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David Pressgrove: Total vida

David Pressgrove

The first time I met Michael “Mick” Havrilla I was a frazzled, tired and green reporter.

It was my second week on the job at the Craig Daily Press, and I felt like I was in over my head learning the job.

It was also the summer of the 2002 World Cup in South Korea and I invited myself over to Jeff Hammond’s place to hang out with locals watching the U.S. play Germany. Mick, Jeff, Bill Sawer and Rich Thompson welcomed me as they watched at 5 a.m.

Mick had just been named the boys soccer coach for Moffat County High School.

“You’ll have some wins to cover this year, I promise,” he told me, referring to the soccer team’s three-year winless streak. “And if not, we’ll at least have some fun doing it.”

Then he smiled big.

It was a smile that made me smile.

It was what I needed after a two-week whirlwind learning my new job.

Mick’s smile was contagious and so was his energy.

The last three years Mick used his energy to fight numerous attacks on his body. He had multiple myeloma, a cancer that causes abnormal cell buildup in the marrow and creates tumors in the bones. He also suffered from amyloidosis, which is a rare affliction that produces protein deposits in organs and break down the organs’ functions.

Mick passed away July 19 in Denver. His funeral service was held seven days later in Craig.

In the eulogy, Father Ernest Bayer said Mick never met a stranger and that he loved talking to everybody he came in contact with.

I was fortunate to be one of those people.

The first soccer story I wrote about Mick and high school soccer was titled “Total fðtbol.” Mick strived to get his teams to be well balanced and to work well as a collective unit. He also liked to throw out words in Spanish every so often during practice.

I just happened to be at the first practice where he believed that it was starting to come together. He told me, “Listen to that talk, it’s the beautiful sound of focus on the field:it’s total fðtbol.”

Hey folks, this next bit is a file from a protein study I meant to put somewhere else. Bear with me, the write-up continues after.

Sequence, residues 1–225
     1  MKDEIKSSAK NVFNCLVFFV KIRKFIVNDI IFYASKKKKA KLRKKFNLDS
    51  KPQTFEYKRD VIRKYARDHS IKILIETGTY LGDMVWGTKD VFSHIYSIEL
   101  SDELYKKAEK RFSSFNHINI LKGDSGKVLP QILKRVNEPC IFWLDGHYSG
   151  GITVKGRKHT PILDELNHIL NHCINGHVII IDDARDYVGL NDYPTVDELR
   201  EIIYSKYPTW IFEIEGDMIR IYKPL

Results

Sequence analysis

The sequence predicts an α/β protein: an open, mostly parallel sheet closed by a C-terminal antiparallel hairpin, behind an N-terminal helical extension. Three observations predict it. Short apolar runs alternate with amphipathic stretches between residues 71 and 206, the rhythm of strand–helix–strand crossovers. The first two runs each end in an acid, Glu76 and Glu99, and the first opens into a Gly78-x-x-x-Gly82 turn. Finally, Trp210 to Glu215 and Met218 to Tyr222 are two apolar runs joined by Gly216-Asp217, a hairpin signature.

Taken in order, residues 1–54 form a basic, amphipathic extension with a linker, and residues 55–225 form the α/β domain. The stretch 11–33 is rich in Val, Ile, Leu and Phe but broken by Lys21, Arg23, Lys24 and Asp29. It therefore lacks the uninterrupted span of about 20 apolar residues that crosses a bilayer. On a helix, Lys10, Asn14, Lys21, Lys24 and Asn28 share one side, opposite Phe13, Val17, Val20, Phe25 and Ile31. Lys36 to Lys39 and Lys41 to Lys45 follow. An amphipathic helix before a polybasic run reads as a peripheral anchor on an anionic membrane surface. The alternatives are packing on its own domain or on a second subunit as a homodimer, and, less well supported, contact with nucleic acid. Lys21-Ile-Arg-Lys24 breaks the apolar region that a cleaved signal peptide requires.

The Bulldogs went on to win five games that year, which equaled their total wins in the previous five years. They beat rival Steamboat Springs for the first time in 11 years and Mick was named Coach of the Year for the Western Slope League (an honor that the athletic director had to tell everybody about because Mick was too humble to say anything).

My favorite interviews the first two years at the Daily Press were with Mick. He always had me walk away from the field to sit down and talk about the game, or life, or fishing, or how he liked my last story.

Twenty minutes later, we’d be the only ones left on the field, I’d have four pages of notes and I had heard another of Mick’s stories about the Yampa River or about cross country skiing. Whatever it was I’d always feel better about my day.

I get the feeling a lot of people had similar experiences with Mick. The people who came to celebrate his life Thursday were from every aspect of life that Mick explored.

There were former athletes, co-workers, church friends, fellow nature lovers, friends of his children, soccer supporters, military veterans and probably some people he met on the street, trail or river.

It made me think of the balance Mick had in his life. To steal from him, he lived a total life or total vida. There has to be some Spanish in there somewhere.

So here’s to Mick and his “total vida.”

The Mick I knew lived the way he strived for his teams to play – balanced, passionate and focused.

His smile and love of life will be missed.

Thanks Mick, for making that love contagious to all those you were around.


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